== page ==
Meonyez Goodwin Interview Edited by Matthew Harris-Ridker and Meonyez Goodwin for clarity [00:00:00] MHR: I am here with Meonyez Goodwin and it is June 20 . Hello. And thank you for being a part of this. [00:00:07] MG: Oh you're welcome! How are you? [00:00:08] MHR: I'm good! So to start off my first question is, where are you from originally and how did you end up at the College of Wooster? [00:00:18] MG: I am from Shaker Heights Ohio. And how did I end up at the College of Wooster? It's actually funny because I wanted to go to a big school like Kent, O.U., O State and I got accepted to all of those, but my high school guidance counselor told me to try out one more school as far as visiting and seeing how their academic programs were. And it ended up being the College of Wooster. And after visiting so many big schools I was kind of overwhelmed. So I ended up going to the College of Wooster and I loved it! And I guess it went from there! [00:00:55] MHR: Yeah! [00:00:55] MG: Went from there! And it was so funny cause she was like, "Oh you're not going to like the big schools! You're going to love the College of Wooster and everything. And I, like, told her... I said, "if you're wrong, you're buying me all my school supplies!" And so she ended up being so right. And I was so embarrassed but I'm glad I went there. So, yeah! That's how I ended up at the College of Wooster. [00:01:16] MHR: Yeah. Awesome, yeah! So my next question is, what made you interested in the WGSS Discipline, and did you know you wanted to be in the WGSS program when you came to Wooster? [00:01:25] MG: So originally I wanted to be a Psychology major, believe it or not! And something fell through with, like, all the Psych courses. They were filled during orientation. [00:01:37] And so my... what is it... my... what are the people... orientation... the people who help you register for classes? [00:04:05] MHR: Archers? [00:04:06] MG: Archers! Yes! My archer ended up putting me in an Intro to WGSS course with them. It was a visiting professor named Dr. Dhar at the time. And she was really really great! Like, she helped me develop all of, like, my feminist perspectives and she really got me into Women's Studies and all the things that help us as women in things that actually don't sometimes, too. And yeah that's how I, like, really fell in love with... just from that intro class. And then ever since then I had taken like two or three WGSS courses every semester. And I decided to major my sophomore year into WGSS. So yeah. [00:04:39] MHR: Very nice! Yeah, it seems that a lot of people I'm talking to... they sort of just, like, fell into WGSS and... [00:04:43] MG: Yeah! It was not planned at all! I didn't even know what WGSS was! So when I had took the intro course I was like, "OK, so are we just going to be studying about women all day long?" I was just so, like, unaware what was going on in the class. Then I fell in love with it! [00:05:04] MHR: Yeah! Alright, so my next questions are, what are some of your favorite classes that you've taken in the WGSS discipline and what were the most valuable things you learned from those classes? [00:05:10] MG: Oh I loved the Media, Gender and Race course I took! That was cross listed with Dr. Atay's Communications class. I love that class. Blackness and Sexuality. I love Women in Music. That was definitely a favorite because I love music, so integrating those two subjects together was, like, so dope! What else do I love... I love Christa Craven's class, Feminist Pedagogy class! You take that Junior year. I really liked that! What else... I guess I liked I.S. You know I got free range so... not really... it feels, like, not really a course but it was one of those things we got to be the director of your work. And we don't have a lot of free range when we do things sometimes in our academic classes, so I guess that had to be one of my favorite classes too if you count it! [00:05:49] MHR: Yeah! So talking about your I.S., what did your... what was your I.S. on and how did you take what you learned from your WGSS classes into your I.S.? [00:05:58] MG: Yes! Ok so I interviewed six black identifying women at our college and I went to get their perception of beauty standards and body ideals and how that affects them and how that affects how they perceive others. And by doing so I had a historical context as well. So I had looked up, like, things about the sapphire, the mammy, the Jezebel and how those stereotypical images are still in our media today just in different forms. And more, like, modern day forms and seeing how those images affect us as well. Because when you look at certain shows like Scandal you see Kerry Washington as the jezebel, but a lot of people, like, bypass that image of her because of her relationship with, you know, the president. You know, like they're so focused on her relationship with the president that they forget whatever else she is capable of doing. And, like, I did a media analysis of The Real Housewives of Atlanta which is where the Media, Race and Gender class came into... with Dr. Atay because he introduced me to all those stereotypical images and representations of black women. And so I really just let the voices of, you know, my participants speak for themselves. [00:06:59] And I did, like, the theoretical context with Audre Lorde, Alice Walker, bell hooks and just really giving, like, black women's voices a chance to be heard and, like, everything just about them. So that was my I.S. [00:07:12] MHR: Yeah, that's a very important topic, I think! Especially in the WGSS Discipline at Wooster, too, because I think we have a little ways to go with diversifying what we're learning. [00:07:27] MG: Yes we do! It was a good way of, like, integrating my WGSS perspective and my Africana’s perspective, because I'm Africana minor as well, so I was really trying to find how do I combine these two, you know, majors together and make it cohesive, and flow and that I could take both of my studies from each, you know, major into an I.S. [00:07:43] MHR: So my next question is, how would you describe the state of the Program of WGSS while you were a student at Wooster? And I ask this so we can sort of see if there's been change with students from the beginning to now and, like, what problems are still there or what good things are still there. [00:08:02] MG: Yeah, so I definitely feel like the lack of staff members of color, and just staff in general. Like, WGSS is a very small Department. Like, and we don't even say Department we say Program, you know? So it just shows that we need more people who are willing to, like, join on board with the WGSS Program and, like, help our students because... by being so small we only have maybe one or two people that our students can go to that actually are knowledgeable of the material and of the courses that we need to take. And just making sure that we have direction in that Program. Because a lot of things can get very lost or, you know, confuse, you know, with everything that goes on. And I think just... of course more diverse faculty. That's with any Program at Wooster, honestly. So that's nothing new. But I would also say just keeping it innovative, like, our courses. I really feel like Women in Music was such a dope course. I had never taken a course like that, like, since then. So I thought it was, like, really cool to, like, see that course happen. And just, like, making sure, like, we keep the courses interesting for our students. So, I think that could be a thing to work on... is, like, just having those different topics addressed in a classroom. [00:09:00] MHR: Yeah I think what's really... I've found hard and what I've heard being voiced by others, too, is the fact that because there is such little amount of staff and we have so many visiting professors who bring in, like, these really cool topics and what they're experts in. And then if want to do something with that for your I.S., and then they're gone, then have to work with, like, Christa and then all the other WGSS faculty are there in other Disciplines as well. [00:09:20] MG: Yeah there's no, like, stability, like, you know there's no consistency with the numbers of staff members or the people that stay, that leave you know? Yeah, I would definitely try to get somebody, tenure track. [00:09:27] MHR: Yeah. [00:09:27] MG: Have we resolved that issue? Do we have somebody? [00:09:28] MHR: Yeah, so next year, I believe, we are having... so next year is 2019, 2018-2019 school year, and we have another visiting faculty member coming in and then we're hoping that the coming year we'll have... we'll be able to have a tenure track professor hired and yeah. I hope that will bring some more stability to the Program, too. [00:09:42] MG: Yeah, I agree. [00:09:42] MHR: So I'm curious to see what will happen with that. I think... unfortunately it's not something I'll ever be able to see happen because I'm gone next year. All right. So my next question is, did you face any challenges being a student in the WGSS Discipline, or did you ever feel any stigma towards you for being in this, like, Program or studying these things? [00:10:02] MG: Yeah. So I was the only WGSS major Africana minor this year in which... it didn't shock me, but just the lack of, you know, people of color in the Program always, like, makes me wonder, "ok, like, cool," but then it's like, "damn, I see all these other majors..." and so I always sometimes, like, in the beginning because I came in, I guess you could say dumb about WGSS stuff you know, because that wasn't like a liberal thing to have in classes or in schools. And so I think as I developed what I... I found myself, like, shying back because I'll be like one of maybe two or three black people in a class and I didn't know how to voice sometimes what I was feeling or how I wanted to react to certain images or certain theories because, again, we didn't have a lot of, like, black theorist or, you know, black artists that we would focus on. It was mainly dominated by white voices. And so just finding how to speak up in those spaces and... let alone in my own, like, writing... Like my I.S. has to be the most proudest moment of my life because it was, like, strictly what I wanted, you know? As a black queer woman, this is me. And so I think that was hard for me to find myself in WGSS courses or in the WGSS Discipline because I never saw anybody like me. And I knew there were people, like, who were people of color or black in the WGSS Discipline, but I mean hadn't had them or seen them as often, or they were a WGSS minor and not a WGSS major so we will be in different courses or phases. And so I think just finding myself in the process as well as the curriculum itself was, like, one of my challenging things. But I did OK, you know I graduated. [00:11:29] MHR: You graduated, you were a great T.A. and you did an amazing I.S.! My next question is, what were some of your favorite things about the WGSS Program at Wooster in terms of what you learned or, like, academically but also in life as well? [00:11:47] MG: Yeah! I loved my one-on-one talks with Christa Craven. Like even though she wasn't my I.S. advisor this year I, like, still talked to her and, like, throughout the year she has really guided me as far as, like, stepping outside of my comfort zone and speaking up. Like I said, I was very shy and nervous to always voice my opinion. And just having those one-on-one conversations with her really helped me develop as a scholar and as a person, as a woman, you know? But I also liked our little, like, meet-up sessions. Because I know my freshman year, [00:12:21] Ashley Chavez, she had us do, like, a WGSS formal and I really enjoyed that. That's really how I got connected to a lot of WGSS majors and minors during my freshman year which propelled me my sophomore year to major in it. So that was one thing I loved. I loved when we had all the WGSS seniors or juniors meet-up. Like, moments with other WGSS people really made my day, so I would really definitely push to have more events like that with each other because the camaraderie y'all will build will definitely help y'all, like, during y'all tough moments and tough times. I would definitely say just being with the WGSS family helped me a lot. [00:13:04] MHR: Yeah hopefully we will do more of that in the future too. I think... [00:13:07] MG: Yeah. [00:13:08] MHR: ...because we are such a small Program too and, like, everyone is in all the same classes together. [00:13:14] MG: Exactly! Like you'll always run into them. You can always talk and just say like, "oh my god can you believe our advisor?!" "Yeah I can't believe it!" You know, like, just having those moments to, like, debrief and talk about whatever. It helps so much. Yeah. [00:13:29] MHR: Yeah. So another question I had is, what do you hope to see... I mean you talked about this a little bit, but how do you see the WGSS Program becoming even stronger for... in future generations and future years what do you hope to see? [00:13:46] MG: Yeah just, again, like creating more stability within our staff members. Like making sure we have a consistent group of people who love what they are doing. A familiar face helps develop trustworthy relationships, you know what I mean? And so I think just having that and keep up with, like, innovative courses, keep them interesting because so much is going on in our society. Everything is changing left and right. So we need to keep up with the times and make sure that all voices are represented in our courses, and our staff, you know? In our I.S... like whatever it is because that can really... they make a difference in our Program, you know? Because we're already small and different. So, like, why not keep it the same? Like let's make sure that we keep it growing, you know? I would say that. [00:14:40] MHR: Yeah! Yeah I hope so too because I think WGSS is also growing. So... [00:14:45] MG: Yeah like... [00:14:48] MHR: As we're growing... [00:14:48] MG: We started... [00:14:49] MHR: The Program at Wooster has to keep growing too. So... [00:14:51] MG: Yeah! [00:14:52] MHR: ...We'll see! This next question is... I know you just graduated and like… but this next question I guess is a more, like, hypothetical instance, is, how have you used what you learned from the WGSS Discipline in life after Wooster? [00:15:10] MG: Oh that's actually a good question. Well I'll be a special education teacher for Teach For America. And what's funny is that right now I'm teaching ELA, English Language Arts. And so we're doing Audre Lorde tomorrow! So... and Audre Lorde was, of course, one of my theorists that I used in my I.S., so I've already incorporated some things of, like, black feminist writers in our, you know, courses, in our lessons, because, again, diversifying what we're teaching our students is important because representation matters, you know? So maybe a lot of my students don't know who Audre Lorde is yet, but after tomorrow they will. They'll have at least a glimpse of her and, you know, like a piece of her tomorrow. So, like, that's one way I plan on, you know, incorporating my WGSS Discipline into, like, after. And just like keep writing. I definitely want to write more, I guess you could say mini I.S.s if you will. And just, like, exploring those Women of color, you know, that have changed our world, that are involved now. So that's how. [00:16:20] MHR: Yeah that's great! A last question I had that just popped into my head is, many people I've been talking to have been saying how WGSS is sort of connected with their activism. Do you have any experience with that or has Wooster's WGSS Program, sort of, inspired your activism at all? Like because you were saying as a woman of color, a queer woman of color, has that inspired anything for you with WGSS at all? [00:16:50] MG: Yes. So I'm always active. I'm always protesting something. So it's just funny because recently they had, like, a Pride festival down here. It’s very small and intimate in Atlanta. And it's just something they just threw randomly that I saw on Facebook and I went to. And it was just so nice to, like, advocate and be in that space of people who are like me, or who believe in the same values as me. And just, like, the other day we had a protest at TFA because we wanted to celebrate Juneteenth, you know, which is, you know, the celebration of freeing of all slaves, you know, black people. And just having those moments, you know, because, like, I'm aware of Juneteenth because of the things I studied in Africana and, you know, the things I learned in WGSS, you know, I'm proud to be a queer woman of color and know all these other different identities as well. So I think me just being an ally or being a part of the movement is, like, what I'm always going to be. So, like, an activist, you know, like a womanist as I may call myself, is something I take full pride in. So whatever the cause is you will see me there! [00:18:04] MHR: No that's awesome! Yeah I think WGSS has definitely made me feel, like, I can go out and, like, protest things or advocate for things because... while we may not be learning exactly what each of those things are it's... I feel like it educates me to listen to other people and to understand stories but also understand the basis for a bunch of the things we go and advocate for. [00:18:35] MG: And it's nice to be a part of a community that shares those similar values that you have. You know because it's very rare that you find people who you connect with... [00:18:46] MHR: Yeah. [00:18:46] MG: You know, on a deeper intellectual level as well as, like, activism and, you know, like feminist values and things like that. So I definitely agree! And WGSS allows you to do that. Because you learn so many ways of, you know, working with people and collaborating with people and, like, joining movements with other people outside of your bubble, you know? So yeah. [00:19:10] MHR: Yeah! [00:19:10] MG: Yeah. [00:19:11] MHR: I agree! So those are all the questions I have but I wanted to ask you do you have any thing else you want to say about WGSS at Wooster or any questions you want to ask me about the project? [00:19:21] MG: Oh yeah! Ok so what when will it be up? I want to keep an eye out! [00:19:25] MHR: I think what Christa Craven is hoping we are going to do is also have Feminist Pedagogy work on this as well and sort of, like, to make it even bigger. And I think that the celebration for the fortieth anniversary, this will, sort of, be like officially unveiled. But right now it's, like, a working archive but I think that's the plan. And then after this fortieth anniversary we're hoping what the work we do is, sort of, going to inspire people to start looking at WGSS Programs not just at Wooster, but, sort of, throughout the country and create more documentation for this area of study since it is so new. [00:20:03] MG: Yeah! Oh that's so dope! I love that!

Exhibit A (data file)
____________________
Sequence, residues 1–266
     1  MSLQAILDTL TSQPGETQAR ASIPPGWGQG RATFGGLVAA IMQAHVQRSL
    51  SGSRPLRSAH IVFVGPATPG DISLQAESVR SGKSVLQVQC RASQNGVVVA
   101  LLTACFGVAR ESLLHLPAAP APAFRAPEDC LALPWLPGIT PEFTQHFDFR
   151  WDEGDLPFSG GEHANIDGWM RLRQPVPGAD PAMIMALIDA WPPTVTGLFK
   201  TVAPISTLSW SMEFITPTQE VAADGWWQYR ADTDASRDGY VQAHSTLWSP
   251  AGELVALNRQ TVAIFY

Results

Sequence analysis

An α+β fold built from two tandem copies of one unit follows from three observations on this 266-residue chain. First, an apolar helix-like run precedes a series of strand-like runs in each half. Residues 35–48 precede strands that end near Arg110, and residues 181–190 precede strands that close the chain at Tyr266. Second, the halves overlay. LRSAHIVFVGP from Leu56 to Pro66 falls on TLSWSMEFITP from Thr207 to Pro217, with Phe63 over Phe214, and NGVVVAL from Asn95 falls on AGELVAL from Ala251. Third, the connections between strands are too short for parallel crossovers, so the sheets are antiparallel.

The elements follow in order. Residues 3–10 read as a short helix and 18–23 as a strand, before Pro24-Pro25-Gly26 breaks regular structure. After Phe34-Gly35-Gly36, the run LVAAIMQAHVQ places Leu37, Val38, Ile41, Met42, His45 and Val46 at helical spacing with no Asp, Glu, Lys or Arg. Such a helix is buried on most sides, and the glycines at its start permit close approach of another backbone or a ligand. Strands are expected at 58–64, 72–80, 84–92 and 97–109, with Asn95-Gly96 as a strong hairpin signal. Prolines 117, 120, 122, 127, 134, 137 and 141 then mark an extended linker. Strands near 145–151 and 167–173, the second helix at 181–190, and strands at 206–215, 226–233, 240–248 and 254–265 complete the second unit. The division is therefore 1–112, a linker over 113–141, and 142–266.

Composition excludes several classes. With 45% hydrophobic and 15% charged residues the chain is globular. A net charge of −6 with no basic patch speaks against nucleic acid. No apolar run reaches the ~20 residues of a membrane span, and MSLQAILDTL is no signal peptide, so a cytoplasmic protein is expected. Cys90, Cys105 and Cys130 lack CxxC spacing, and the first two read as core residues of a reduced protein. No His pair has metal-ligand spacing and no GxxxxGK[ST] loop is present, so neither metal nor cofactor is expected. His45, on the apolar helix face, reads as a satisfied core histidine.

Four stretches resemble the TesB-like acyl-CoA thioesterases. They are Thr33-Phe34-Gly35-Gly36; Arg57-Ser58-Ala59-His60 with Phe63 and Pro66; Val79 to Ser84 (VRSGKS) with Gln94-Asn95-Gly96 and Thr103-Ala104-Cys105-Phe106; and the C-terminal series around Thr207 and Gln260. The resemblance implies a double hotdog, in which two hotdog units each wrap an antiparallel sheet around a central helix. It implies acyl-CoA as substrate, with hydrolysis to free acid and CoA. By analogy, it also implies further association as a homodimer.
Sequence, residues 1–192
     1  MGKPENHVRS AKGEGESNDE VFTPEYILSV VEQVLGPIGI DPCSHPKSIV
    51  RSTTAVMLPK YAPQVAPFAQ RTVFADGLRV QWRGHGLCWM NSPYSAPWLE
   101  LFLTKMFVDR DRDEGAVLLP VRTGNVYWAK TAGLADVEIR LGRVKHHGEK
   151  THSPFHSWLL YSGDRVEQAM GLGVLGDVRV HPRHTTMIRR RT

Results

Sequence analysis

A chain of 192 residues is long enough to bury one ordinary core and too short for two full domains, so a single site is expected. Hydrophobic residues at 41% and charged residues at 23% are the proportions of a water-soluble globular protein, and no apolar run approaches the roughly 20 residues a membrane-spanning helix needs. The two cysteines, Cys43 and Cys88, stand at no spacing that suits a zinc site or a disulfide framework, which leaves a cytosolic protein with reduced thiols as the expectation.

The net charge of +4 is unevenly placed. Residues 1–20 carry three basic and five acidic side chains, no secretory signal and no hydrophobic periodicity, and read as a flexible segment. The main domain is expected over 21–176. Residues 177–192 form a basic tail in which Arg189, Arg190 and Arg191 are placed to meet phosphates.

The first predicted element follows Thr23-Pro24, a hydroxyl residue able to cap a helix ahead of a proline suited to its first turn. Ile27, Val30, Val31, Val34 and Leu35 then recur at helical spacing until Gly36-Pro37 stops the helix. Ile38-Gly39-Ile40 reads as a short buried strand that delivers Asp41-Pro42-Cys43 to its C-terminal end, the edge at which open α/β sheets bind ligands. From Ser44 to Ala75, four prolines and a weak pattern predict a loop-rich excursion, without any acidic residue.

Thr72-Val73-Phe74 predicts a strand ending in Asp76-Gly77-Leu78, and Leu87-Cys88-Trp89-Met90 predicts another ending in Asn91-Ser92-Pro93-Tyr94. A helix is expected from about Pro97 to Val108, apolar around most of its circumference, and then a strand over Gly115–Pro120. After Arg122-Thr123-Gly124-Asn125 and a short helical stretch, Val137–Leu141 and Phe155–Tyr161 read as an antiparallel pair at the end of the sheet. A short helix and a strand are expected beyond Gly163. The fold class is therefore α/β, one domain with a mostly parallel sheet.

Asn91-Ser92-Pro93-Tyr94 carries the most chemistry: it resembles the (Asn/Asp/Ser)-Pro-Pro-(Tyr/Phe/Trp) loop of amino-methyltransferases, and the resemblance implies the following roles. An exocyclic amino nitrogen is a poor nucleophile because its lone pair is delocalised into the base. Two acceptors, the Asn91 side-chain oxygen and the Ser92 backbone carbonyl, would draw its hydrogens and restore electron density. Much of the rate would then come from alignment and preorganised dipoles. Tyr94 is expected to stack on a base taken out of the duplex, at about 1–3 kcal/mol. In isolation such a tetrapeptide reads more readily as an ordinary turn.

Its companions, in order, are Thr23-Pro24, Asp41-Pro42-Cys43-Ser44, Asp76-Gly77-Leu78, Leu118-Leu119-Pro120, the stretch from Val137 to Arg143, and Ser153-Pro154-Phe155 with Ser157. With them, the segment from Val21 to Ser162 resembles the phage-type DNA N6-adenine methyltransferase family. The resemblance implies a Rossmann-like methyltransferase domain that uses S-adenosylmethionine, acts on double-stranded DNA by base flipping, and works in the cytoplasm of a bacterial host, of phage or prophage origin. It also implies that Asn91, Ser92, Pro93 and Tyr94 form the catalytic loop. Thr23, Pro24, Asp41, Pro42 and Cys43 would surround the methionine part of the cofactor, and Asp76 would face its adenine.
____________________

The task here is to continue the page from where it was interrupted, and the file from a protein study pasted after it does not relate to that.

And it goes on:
Harris-Ridker, Matthew and Goodwin, Meonyez, “Interview with Meonyez Goodwin,” WGSS at Wooster: Past, Present, and Future , accessed January 19, 2021, http://woosterdigital.org/wgssatwoo/items/show/70.